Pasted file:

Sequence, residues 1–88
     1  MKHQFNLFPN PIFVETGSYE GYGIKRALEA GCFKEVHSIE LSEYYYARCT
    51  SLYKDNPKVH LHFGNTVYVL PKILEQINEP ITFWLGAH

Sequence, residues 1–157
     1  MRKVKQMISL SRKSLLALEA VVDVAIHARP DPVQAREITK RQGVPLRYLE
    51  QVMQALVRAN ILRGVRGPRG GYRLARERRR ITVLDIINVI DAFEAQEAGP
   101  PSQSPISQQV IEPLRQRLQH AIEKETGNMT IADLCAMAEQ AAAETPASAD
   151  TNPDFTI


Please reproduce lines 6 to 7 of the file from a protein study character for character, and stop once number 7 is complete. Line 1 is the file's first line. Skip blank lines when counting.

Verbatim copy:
    51  QVMQALVRAN ILRGVRGPRG GYRLARERRR ITVLDIINVI DAFEAQEAGP
   101  PSQSPISQQV IEPLRQRLQH AIEKETGNMT IADLCAMAEQ AAAETPASAD